2016: A year of remarkable nothingness for the automobile industry, unless one counts all the over-hyped rumors of some fantastic future in store for motorists — so long as they no longer want to drive a car. Take an Internet cab ride or have a self-driving car come to your home, the future of the auto industry and its customers is just incredible to envision. Except, that is, for the part where self-driving cars destroy brand names for the automakers, inevitably laying waste to the industry as we know it. So much for the downside risk.
We’ve had 365 days of business reporting on this wonderful motoring future, during which no one has done the math to point out why it’s never going to happen that way. That fact should be a little disappointing for most.
As for Uber, the end of the year brought both numerous reasons for them to hope that self-driving cars become a reality sooner rather than later and one major speed bump to that outcome. Then, sad to say, on December 19th, Uber had a very bad day.
First, the Miami Herald reported that an Uber driver taking a fare to the Fort Lauderdale Airport was cut off in traffic by a van at 6:00 a.m. on Sunday morning. When the van driver exited his vehicle packing heat, so did the Uber driver, who then gunned down the threatening motorist. No charges were filed; Aventura police seem to see this as a case of Stand Your Ground. The night before that, when a fare tapped on his window to let him know the couple was about to enter his vehicle, Detroit Uber driver Matthew Allemon apparently became enraged; he later said they had disrespected his car. Allemon drove them for a mile and then demanded they leave his vehicle. When they asked to stay until a different Uber driver arrived to pick them up, Allemon jacked up the heat a notch, attacking the male passenger with a knife.
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No word on how these customers scored their Uber drivers in the app. But, for the record, passengers and drivers in Uber vehicles are not supposed to be armed.
Oh, and then Bloomberg reported that Uber lost around $800 million in the third quarter; and some business publications suggested that Uber’s losses for the year might fall between $2.5 and $3 billion. Now, that’s almost a trifecta of bad news, all date-stamped December 19th. But the fun wasn’t over.
Uber decided on its own to bring its self-driving car test to San Francisco, where little cable cars climb halfway to the stars. Only cable cars, like regular vehicles, typically follow local traffic ordinances, such as stopping at red lights. And on that first day two or three of Uber’s self-driving vehicles apparently weren’t quite ready for prime time; video caught them running a stop light and nearly crashing into another car. Oops. Uber executives admitted as much, but said those particular vehicles were not part of the test and they had suspended the humans who were supposed to be in control of them.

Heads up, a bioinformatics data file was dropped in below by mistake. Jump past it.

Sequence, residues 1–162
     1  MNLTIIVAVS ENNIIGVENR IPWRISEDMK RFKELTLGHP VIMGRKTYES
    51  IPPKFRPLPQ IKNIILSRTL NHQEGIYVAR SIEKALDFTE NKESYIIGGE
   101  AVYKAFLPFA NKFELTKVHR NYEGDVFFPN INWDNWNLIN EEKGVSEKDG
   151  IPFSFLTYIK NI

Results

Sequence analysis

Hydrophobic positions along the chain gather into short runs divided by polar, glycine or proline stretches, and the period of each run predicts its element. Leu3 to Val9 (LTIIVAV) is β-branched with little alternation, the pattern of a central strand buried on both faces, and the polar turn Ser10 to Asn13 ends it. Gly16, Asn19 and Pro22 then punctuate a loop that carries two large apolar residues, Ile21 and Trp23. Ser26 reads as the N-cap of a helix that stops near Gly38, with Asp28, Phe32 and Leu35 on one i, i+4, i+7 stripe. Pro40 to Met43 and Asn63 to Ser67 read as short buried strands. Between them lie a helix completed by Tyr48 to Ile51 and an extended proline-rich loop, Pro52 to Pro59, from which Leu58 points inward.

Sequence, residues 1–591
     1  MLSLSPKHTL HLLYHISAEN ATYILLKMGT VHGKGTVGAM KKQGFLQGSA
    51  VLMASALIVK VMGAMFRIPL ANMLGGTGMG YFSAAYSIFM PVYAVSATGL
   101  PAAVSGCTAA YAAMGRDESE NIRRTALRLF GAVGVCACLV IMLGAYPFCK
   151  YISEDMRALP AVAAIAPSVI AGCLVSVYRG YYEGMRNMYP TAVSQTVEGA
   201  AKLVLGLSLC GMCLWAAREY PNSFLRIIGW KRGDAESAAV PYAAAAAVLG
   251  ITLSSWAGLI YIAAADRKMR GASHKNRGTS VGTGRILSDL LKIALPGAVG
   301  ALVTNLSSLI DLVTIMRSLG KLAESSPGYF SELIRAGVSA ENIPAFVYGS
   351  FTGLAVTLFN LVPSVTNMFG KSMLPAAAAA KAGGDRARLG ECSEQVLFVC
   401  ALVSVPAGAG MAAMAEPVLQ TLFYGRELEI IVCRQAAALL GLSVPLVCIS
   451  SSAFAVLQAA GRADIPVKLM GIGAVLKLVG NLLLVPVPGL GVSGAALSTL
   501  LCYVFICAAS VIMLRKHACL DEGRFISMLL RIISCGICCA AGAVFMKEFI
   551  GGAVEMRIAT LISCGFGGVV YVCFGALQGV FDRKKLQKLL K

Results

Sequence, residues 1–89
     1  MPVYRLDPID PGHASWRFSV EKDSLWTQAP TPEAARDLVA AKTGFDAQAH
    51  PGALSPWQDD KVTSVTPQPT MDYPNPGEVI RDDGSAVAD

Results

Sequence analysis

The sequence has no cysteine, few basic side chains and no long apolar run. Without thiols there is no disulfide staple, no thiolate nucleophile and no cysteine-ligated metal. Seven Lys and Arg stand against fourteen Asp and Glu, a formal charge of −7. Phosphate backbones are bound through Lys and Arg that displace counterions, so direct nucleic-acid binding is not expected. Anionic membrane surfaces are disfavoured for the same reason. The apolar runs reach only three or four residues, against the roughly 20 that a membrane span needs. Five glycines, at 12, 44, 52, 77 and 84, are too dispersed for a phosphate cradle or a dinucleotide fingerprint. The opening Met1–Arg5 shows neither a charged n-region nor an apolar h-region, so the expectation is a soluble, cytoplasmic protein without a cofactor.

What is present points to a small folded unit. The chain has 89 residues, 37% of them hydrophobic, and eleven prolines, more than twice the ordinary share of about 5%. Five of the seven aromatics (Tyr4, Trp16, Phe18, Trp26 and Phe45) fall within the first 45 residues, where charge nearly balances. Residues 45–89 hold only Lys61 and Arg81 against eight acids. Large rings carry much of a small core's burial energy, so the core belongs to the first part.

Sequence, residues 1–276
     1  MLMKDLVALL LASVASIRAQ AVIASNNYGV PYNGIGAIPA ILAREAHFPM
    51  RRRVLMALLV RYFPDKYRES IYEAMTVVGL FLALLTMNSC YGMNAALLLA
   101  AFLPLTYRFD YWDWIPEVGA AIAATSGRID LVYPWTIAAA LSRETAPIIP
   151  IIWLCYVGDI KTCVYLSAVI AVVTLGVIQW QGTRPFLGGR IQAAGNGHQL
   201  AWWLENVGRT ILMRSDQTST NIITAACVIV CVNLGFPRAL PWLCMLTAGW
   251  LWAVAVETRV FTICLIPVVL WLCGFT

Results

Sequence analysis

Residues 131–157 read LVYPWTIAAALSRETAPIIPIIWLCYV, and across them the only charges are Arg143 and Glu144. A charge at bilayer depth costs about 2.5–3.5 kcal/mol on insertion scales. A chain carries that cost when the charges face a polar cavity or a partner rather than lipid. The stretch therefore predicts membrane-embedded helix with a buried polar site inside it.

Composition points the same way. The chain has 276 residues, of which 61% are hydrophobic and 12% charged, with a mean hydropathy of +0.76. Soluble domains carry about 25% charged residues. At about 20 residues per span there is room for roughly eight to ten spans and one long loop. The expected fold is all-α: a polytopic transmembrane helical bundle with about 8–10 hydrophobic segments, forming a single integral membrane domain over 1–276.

Did I really just write that? "A self-driving car ran red lights and the human was the one benched for it."
Oh, and on the 19th Uber admitted that its self-driving cars have another problem: awareness of bike lanes. Safety advocates thought that might be a serious problem for bicyclists; now it’s a stated fact.
The California Department of Motor Vehicles demanded that Uber cease and desist all testing of these experimental self-driving cars on public roads until it files for and receives the required $150 special permit. Uber proceeded to tell California and its bureaucrats to go pound sand; in the adult version of a 3rd-grade temper tantrum — where you screamed, "Johnny’s parents let him do it," thinking will make your parents let you do whatever it is Johnny’s doing — Uber said that if Tesla can test its vehicles on the highway without these permits, Uber will, too. One can almost visualize red-faced, shouting Uber execs, fists at their sides and feet stamping in unison.
California’s DMV promptly voided those 16 test vehicles’ registrations. Problem solved.
Has automotive hype ever proved true? Visit www.star-telegram.com/cars/ed-wallace and find out.
Again, it’s time to put a reality cap on any discussion of self-driving cars. A fully autonomous car may never happen. Not for lack of improving automotive technology, but because roads must be in exceptional condition for such cars to find their bearings and deliver a safe ride. And we are not willing to invest enough in our infrastructure to make that a reality. Uber has already admitted that its self-driving vehicles have a problem detecting bicycle lanes, and most of those are recent and well marked. How in the world would a self-driving car make it from Alliance into Fort Worth with all the work being done on I-35W? How could it drive into downtown Dallas? For the past year there, every few weeks a lane that used to deliver you to the downtown exit simply disappears; then it’s moved over two lanes, then two lanes back — and now is being moved yet again.
And there’s an even more problematical issue, which we’ve brought up before in this column: Technology moves on, and these systems require vehicle-to-vehicle and connected communications to work. But consider: When General Motors launched its OnStar service, created in conjunction with EDS and Hughes Electronics in GM’s 1997 models, it was based on an analog cellular system. And that was wonderful for nine years — until the last analog cell towers were turned off, and all those OnStar units simply went dead.